P.D. Soros Fellowship for New Americans


Minjung Kim, 2024

PhD, Northwestern University

Minjung Kim is an immigrant from South Korea

Fellowship awarded to support work towards a PhD in Chemistry at Northwestern University

Minjung Kim was born in Seoul, South Korea and immigrated to the United States when she was seven years old. Minjung grew a strong interest in music from a young age, performing the piano, gayageum (a traditional Korean instrument), and cello, with aspirations of becoming a professional cellist one day. However, when Minjung’s high school chemistry teacher explained why rice needs to be cooked longer at higher altitudes and derived an equation to describe it, she first realized chemistry’s fundamental connection to real-world processes. Minjung decided to channel her creativity into the sciences, to understand how the world works and invent creative solutions to societal problems.

Minjung received her bachelor’s degrees in chemical and biomolecular engineering and chemistry at Rice University. At Rice, she worked with Professor Matthew Jones in identifying and understanding the role of Au32 nanocluster species in creating uniform plasmonic nanorods, which have applications in catalysis, optics, and drug delivery. Minjung also spearheaded a project to destroy “forever chemicals” in water, under the mentorship of Professor Michael Wong. Drawing from her experiences in social justice, she led her design team to focus on sustainability and accessibility of their reactor system, which successfully resulted in a first-place finish at an environmental design competition. At the end of her time at Rice University, Minjung was awarded the National Science Foundation Graduate Research Fellowship (NSF GRFP), Distinction in Research and Creative Work, and graduated with honors.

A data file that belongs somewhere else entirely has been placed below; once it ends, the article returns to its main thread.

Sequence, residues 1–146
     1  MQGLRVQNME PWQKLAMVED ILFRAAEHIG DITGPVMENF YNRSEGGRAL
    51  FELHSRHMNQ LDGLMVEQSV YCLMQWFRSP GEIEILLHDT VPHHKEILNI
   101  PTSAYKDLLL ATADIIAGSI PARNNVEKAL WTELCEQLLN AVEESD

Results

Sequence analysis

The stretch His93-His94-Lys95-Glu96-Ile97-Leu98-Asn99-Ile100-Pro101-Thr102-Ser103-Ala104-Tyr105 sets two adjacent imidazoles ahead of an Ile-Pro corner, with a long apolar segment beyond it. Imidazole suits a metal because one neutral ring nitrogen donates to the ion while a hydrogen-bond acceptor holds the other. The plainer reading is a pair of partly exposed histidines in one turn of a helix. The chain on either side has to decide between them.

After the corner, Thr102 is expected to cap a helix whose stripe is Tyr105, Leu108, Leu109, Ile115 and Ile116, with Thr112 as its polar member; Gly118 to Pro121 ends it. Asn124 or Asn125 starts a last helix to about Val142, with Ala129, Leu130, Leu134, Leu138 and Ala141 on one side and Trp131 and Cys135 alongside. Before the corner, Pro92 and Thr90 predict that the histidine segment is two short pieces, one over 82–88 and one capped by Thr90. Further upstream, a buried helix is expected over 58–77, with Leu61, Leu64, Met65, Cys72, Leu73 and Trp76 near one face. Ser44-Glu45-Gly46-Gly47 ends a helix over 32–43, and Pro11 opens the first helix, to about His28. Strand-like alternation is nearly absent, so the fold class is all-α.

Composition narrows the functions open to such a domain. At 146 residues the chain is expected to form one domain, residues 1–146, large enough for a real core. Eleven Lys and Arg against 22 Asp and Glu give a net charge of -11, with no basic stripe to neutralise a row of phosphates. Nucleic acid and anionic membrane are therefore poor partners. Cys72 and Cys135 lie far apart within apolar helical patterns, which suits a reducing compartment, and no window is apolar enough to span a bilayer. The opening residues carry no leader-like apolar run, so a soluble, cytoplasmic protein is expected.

Minjung is currently pursuing her PhD in chemistry at Northwestern University under the mentorship of Professors Omar Farha and Dayne Swearer. She is primarily interested in the interactions of metal-organic frameworks (MOFs) and metal nanoparticles. When these components are used together, they create a carbon dioxide capturing system that can be powered by visible light, such as sunlight. This system can be expanded to other applications as well, from water harvesting to pollutant decontamination. As the world battles the climate crisis, Minjung hopes her fundamental studies in light-matter interactions of these novel nanomaterials catalyze the implementation and expansion of direct air capture and environmental remediation. 

  • BA Chemistry | Rice University 2022
  • BS Chemical and Biomolecular Engineering | Rice University 2022
  • PhD Chemistry | Northwestern University
  • Graduate Research Fellowship, National Science Foundation
  • Ann and Joe Hightower Superior Award in Chemical and Biomolecular Engineering
  • Distinction in Research and Creative Work, Rice University
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